Driving Solutions

Great progress can and must be achieved with the low-carbon technologies we have today. And all of us can help speed the pace at which these technologies take root and spread. Individuals can change their behavior and advocate for ambitious new policies. Corporations can drive change across whole industries. Governments can enact laws to make it easier and cheaper to cut greenhouse gas emissions, and to help communities prepare for new challenges. And intergovernmental agreements such as the Paris Agreement have already created a strong framework for international cooperation and aggressive action, if governments around the world step up their commitments.

At the same time, the world does not have a true alternative to fossil fuels that can meet all our current energy needs, let alone meet an increased demand in the future. We severely lack the suite of solutions to address climate change at an economic and social cost that we can agree to bear.

A tremendous amount of work is taking place at MIT and other scientific and engineering institutions around the world to develop these options, in collaboration with the industries and communities that can deploy and scale them. But to quicken the pace of technological breakthroughs, policymakers need to set the stage now for game-changing advances in multiple fields of science, technology, and policy. To take on the hardest challenges in reducing our emissions, in removing CO2 from the atmosphere, and in adapting to a changing climate, we urgently need new tools.

Seizing the Opportunity

The MIT community fundamentally agrees that climate change presents grave risks that demand society’s urgent attention. The challenge requires an aggressive and pragmatic plan to achieve a net zero carbon global energy system, the sooner the better, for all of humankind.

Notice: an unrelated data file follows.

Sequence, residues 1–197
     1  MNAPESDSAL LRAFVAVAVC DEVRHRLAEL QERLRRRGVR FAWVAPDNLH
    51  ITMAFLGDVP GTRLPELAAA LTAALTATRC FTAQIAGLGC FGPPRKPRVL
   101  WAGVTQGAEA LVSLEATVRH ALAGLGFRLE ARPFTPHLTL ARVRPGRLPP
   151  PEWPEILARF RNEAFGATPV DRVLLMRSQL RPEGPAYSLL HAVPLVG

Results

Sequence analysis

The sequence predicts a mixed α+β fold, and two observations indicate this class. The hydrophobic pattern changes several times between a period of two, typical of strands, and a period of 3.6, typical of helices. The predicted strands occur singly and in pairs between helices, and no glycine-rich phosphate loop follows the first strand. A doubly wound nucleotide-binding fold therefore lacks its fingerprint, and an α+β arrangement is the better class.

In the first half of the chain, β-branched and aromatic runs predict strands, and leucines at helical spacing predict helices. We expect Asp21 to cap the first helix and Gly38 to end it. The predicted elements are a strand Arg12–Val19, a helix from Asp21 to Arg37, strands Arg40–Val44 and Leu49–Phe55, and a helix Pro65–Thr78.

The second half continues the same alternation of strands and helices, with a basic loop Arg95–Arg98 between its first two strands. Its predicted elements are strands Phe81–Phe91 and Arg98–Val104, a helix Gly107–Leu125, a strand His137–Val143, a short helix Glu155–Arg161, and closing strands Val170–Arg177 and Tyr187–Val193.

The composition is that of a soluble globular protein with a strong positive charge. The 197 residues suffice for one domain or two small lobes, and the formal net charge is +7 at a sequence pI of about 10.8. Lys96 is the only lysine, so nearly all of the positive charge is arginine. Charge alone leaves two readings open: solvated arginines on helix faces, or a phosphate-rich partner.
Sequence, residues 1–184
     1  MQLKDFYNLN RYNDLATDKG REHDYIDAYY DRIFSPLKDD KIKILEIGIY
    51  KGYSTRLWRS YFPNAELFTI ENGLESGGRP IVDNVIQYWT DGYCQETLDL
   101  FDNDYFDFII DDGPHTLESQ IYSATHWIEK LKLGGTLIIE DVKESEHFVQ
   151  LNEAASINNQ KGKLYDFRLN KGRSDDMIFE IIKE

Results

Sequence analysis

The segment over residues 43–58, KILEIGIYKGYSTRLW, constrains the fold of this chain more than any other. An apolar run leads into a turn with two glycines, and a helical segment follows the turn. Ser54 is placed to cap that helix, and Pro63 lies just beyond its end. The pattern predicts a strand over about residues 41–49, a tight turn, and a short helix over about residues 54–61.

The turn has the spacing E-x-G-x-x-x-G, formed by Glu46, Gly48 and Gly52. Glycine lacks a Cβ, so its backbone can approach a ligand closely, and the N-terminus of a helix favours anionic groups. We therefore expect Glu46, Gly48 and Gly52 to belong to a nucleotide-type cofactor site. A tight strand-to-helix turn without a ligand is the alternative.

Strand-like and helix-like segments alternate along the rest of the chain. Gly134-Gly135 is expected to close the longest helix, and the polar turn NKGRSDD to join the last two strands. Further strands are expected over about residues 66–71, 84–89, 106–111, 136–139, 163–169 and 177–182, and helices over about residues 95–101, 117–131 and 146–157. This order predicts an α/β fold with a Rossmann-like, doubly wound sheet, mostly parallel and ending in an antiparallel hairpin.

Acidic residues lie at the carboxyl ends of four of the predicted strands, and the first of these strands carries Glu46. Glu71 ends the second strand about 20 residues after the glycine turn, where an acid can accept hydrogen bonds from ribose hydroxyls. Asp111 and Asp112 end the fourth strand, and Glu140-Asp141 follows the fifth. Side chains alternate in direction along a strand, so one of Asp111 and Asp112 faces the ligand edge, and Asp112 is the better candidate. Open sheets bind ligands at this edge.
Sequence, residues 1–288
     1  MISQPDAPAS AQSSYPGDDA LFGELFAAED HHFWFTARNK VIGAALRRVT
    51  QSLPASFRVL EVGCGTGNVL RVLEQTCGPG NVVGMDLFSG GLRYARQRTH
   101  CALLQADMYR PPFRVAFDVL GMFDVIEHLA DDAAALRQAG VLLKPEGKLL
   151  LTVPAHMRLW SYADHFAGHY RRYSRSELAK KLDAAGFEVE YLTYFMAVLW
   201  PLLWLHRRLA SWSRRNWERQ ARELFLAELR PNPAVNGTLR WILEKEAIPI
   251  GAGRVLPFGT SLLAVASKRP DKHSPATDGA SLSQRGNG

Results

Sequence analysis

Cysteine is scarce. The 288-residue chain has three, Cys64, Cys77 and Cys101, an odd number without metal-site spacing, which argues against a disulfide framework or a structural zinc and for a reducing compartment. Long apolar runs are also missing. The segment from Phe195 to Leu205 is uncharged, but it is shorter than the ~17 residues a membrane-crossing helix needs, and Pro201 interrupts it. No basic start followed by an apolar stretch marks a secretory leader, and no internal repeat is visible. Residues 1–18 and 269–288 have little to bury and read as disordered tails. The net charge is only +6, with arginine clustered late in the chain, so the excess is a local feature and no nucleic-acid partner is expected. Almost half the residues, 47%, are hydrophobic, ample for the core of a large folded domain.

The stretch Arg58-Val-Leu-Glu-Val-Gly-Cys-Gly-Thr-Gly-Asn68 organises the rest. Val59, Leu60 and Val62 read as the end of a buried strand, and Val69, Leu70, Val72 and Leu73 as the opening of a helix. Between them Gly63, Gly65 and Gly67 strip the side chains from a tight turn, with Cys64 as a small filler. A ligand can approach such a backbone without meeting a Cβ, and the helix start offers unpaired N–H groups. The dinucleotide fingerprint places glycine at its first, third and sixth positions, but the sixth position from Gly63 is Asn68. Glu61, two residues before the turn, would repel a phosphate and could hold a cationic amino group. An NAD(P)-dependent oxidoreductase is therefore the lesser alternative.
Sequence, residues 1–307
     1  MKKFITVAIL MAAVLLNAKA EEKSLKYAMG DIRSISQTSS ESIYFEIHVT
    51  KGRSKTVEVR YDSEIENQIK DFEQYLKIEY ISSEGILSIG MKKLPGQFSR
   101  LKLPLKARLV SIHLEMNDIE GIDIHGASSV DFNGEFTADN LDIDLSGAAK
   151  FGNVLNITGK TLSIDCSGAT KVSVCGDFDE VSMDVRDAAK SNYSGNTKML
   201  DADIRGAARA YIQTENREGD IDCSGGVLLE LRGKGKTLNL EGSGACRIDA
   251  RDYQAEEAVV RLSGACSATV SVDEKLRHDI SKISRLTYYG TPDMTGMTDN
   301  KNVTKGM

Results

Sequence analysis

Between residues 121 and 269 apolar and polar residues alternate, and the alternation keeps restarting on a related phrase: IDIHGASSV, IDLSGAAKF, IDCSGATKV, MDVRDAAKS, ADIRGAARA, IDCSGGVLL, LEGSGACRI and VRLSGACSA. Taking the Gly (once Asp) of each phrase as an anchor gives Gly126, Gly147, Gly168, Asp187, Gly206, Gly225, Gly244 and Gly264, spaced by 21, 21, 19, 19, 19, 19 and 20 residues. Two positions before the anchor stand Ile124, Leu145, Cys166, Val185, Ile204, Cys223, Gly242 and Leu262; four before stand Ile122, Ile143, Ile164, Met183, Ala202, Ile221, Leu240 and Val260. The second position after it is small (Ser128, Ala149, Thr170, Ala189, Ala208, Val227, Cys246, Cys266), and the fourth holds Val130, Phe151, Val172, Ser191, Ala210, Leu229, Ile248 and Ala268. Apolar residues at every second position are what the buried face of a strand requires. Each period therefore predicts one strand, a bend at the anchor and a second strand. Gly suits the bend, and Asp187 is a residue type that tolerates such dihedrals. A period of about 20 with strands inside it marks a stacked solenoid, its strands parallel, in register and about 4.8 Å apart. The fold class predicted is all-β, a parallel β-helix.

If academia, business, government, and citizens act together toward this common goal, we can create a pollution-free energy system; form a prosperous, adaptable and resilient society; keep human, animal, and plant life flourishing; and create a better world for ourselves and generations to come.

There is room and reason for each of us to be part of the solution. I urge everyone to join us in rising to this historic challenge.
L. Rafael Reif
President, MIT

You may notice that we, the writers on this site, use the word “we” to collectively refer to those who have benefitted in various ways from burning fossil fuels, those who will face the impacts of climate change, and those whose responsibility it is to act. We did this intentionally to create a sense of community in addressing this challenge.

However, we acknowledge that people and groups across the globe have not equally benefitted from the use of fossil fuels, and many – including young people and future generations – will disproportionately endure the consequences. We, those who are affiliated with MIT and those who live in developed countries, are often among those whose activities have historically had a disproportionate impact on climate change. Therefore, we see that we have a greater responsibility – as professionals, citizens, community members, and consumers – to act to reverse its course.

Now What?